Hong Kong needs more renewable power and government land grants to be a magnet for low-carbon data centres: experts

Hong Kong needs to improve access to electricity from renewable sources and provide government subsidies and land grants if the city wants to be a hub for the data centre business in the Asia-Pacific region, according to experts.

Limitations on using renewable power in Hong Kong present a major barrier to constructing data centres with a lower carbon footprint in the city amid rising energy consumption, said Zena Cheng, vice-president of channel and partnerships at Sunevision Holdings, one of the largest data centre providers in Hong Kong and the technology arm of Sun Hung Kai Properties.

“The servers are getting smaller and smaller, but the amount of power that is required is getting higher and higher,” Cheng said during a panel discussion on sustainable data centres at an innovation summit hosted by Schneider Electric on Monday. “That means the density of power consumption per square foot is getting higher.”

Globally, data centres consumed between 240 and 340 terawatt hours of electricity in 2022, according to estimates from the International Energy Agency. That translates to between 1 per cent and 1.3 per cent of global electricity demand and represents a 70 per cent increase in power demand since 2015.

Solar panels are seen on the rooftop of the Hong Kong Disneyland Hotel on Lantau Island on June 2, 2023. Building large solar farms or wind-power facilities is difficult in the city, according to data centre operators. Photo: Yik Yeung-man

Meanwhile data centre clients, who are pursuing their own carbon-reduction targets, are pressing the industry to adopt more sustainable practices.

“Our customers are driving for this change because they are looking for ESG [environmental, social and governance],” said Clement Chung, director at engineering firm Arup, speaking during the same panel discussion. “If you want to have business, you have to” look for environmentally friendly solutions.

He added that this has put pressure on both data centre operators and designers to embed sustainability into their work.

Clients are “looking for ESG facilities that can also help them [reduce] their carbon footprint”, but in Hong Kong it is very difficult to build large solar farms or find places to build windmills to generate renewable energy, Sunevision’s Cheng said.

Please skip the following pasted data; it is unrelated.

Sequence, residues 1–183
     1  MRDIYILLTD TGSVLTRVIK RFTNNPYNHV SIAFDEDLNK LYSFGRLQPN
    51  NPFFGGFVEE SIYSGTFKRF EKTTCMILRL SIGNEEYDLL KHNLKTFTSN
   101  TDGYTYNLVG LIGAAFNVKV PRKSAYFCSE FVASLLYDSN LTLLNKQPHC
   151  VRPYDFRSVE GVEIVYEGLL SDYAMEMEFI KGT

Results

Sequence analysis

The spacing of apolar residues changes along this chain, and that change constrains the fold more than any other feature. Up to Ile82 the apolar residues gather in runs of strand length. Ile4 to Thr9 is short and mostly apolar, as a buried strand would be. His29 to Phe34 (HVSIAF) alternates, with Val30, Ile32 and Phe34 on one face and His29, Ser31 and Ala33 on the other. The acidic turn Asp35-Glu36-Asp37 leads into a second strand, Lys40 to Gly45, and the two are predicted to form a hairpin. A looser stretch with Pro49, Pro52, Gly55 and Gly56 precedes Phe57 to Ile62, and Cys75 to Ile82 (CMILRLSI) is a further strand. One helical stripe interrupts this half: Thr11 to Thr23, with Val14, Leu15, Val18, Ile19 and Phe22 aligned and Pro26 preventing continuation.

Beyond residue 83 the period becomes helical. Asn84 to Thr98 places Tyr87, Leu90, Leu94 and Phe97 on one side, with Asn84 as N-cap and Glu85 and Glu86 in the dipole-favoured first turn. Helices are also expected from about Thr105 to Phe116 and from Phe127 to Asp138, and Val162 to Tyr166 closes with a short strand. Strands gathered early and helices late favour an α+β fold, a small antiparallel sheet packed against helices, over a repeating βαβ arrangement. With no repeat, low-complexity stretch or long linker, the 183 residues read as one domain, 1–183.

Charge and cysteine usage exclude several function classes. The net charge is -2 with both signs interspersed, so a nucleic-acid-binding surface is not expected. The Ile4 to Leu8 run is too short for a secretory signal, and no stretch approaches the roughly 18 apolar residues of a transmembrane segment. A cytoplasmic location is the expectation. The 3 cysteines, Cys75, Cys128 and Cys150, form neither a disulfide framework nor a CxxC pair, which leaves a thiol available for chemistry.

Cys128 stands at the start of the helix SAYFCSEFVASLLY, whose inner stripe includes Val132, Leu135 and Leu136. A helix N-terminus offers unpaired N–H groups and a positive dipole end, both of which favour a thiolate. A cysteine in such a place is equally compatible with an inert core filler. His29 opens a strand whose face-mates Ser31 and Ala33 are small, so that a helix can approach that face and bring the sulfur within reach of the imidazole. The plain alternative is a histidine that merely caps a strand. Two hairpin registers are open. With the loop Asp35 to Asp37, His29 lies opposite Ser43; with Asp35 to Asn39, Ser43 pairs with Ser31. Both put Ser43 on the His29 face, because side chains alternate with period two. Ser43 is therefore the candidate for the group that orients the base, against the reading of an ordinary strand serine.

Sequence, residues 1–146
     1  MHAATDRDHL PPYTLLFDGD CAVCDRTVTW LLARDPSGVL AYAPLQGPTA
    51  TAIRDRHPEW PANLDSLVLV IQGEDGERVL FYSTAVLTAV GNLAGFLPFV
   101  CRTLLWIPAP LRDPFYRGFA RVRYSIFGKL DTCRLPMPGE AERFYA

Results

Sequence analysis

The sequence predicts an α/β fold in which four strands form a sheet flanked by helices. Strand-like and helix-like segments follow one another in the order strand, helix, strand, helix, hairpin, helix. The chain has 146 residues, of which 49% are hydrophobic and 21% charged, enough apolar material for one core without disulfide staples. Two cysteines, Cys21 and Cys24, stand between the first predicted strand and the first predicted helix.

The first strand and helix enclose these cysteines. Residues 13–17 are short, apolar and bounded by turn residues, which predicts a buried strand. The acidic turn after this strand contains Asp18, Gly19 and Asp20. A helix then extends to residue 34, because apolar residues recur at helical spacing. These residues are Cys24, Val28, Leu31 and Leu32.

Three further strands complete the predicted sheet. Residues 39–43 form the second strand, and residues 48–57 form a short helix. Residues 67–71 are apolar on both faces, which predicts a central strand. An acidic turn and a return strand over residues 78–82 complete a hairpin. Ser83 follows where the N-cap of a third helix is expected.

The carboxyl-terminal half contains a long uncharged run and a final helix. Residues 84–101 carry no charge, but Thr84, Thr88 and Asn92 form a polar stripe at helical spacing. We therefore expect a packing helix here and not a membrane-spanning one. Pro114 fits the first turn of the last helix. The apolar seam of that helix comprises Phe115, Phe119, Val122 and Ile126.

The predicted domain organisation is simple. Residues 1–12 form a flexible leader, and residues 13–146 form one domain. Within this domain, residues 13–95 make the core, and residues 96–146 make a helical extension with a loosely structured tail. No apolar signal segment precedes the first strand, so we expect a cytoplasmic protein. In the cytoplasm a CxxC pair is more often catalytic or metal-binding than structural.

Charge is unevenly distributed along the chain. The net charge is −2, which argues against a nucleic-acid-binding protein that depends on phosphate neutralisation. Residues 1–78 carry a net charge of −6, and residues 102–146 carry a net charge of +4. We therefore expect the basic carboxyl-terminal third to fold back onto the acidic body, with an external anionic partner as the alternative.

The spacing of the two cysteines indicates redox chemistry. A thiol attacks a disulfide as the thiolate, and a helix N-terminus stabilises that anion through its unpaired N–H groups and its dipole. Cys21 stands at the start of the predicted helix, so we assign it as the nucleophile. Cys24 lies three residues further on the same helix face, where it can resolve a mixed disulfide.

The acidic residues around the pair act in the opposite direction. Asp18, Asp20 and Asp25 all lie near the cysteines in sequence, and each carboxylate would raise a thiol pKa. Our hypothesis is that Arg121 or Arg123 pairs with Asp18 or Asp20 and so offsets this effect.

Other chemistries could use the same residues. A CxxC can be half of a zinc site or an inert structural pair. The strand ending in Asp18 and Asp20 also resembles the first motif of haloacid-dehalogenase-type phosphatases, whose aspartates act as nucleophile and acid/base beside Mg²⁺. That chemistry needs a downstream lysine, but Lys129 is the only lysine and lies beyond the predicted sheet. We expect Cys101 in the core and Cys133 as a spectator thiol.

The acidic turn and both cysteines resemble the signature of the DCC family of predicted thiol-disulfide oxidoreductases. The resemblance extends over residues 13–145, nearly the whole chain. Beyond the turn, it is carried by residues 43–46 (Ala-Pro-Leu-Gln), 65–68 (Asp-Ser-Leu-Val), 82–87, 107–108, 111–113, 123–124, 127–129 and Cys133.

That leaves data centres in Hong Kong reliant on the city’s power companies for clean energy, said Chung.

However, Hong Kong has a long way to go before operators and data centre end-users can buy consistent and scalable green energy, said Andrew Green, senior director and regional data centre practice lead at JLL.

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This problem is not unique to Hong Kong, he added. “The time lag between what all of our end users are doing around the world, and governments committing funding to help with the growth of sustainable energy, is at least a 15-year lag before we are actually able to buy it,” Green said. “We’re always going to have a very high electricity-use facility, I don’t see that going away in my lifetime.”

If the government is serious about the data centre business in Hong Kong, it should provide more land grants for construction, Arup’s Chung said.

Data centres require a lot of space, and Hong Kong currently offers no gross floor area exemptions for building data centres in the city, he said.

“In Hong Kong, if we want to continuously be a central hub for the big players in Asia-Pacific, we have to have government support,” Chung said. “We have to have the power supply, and a good policy to do this.”

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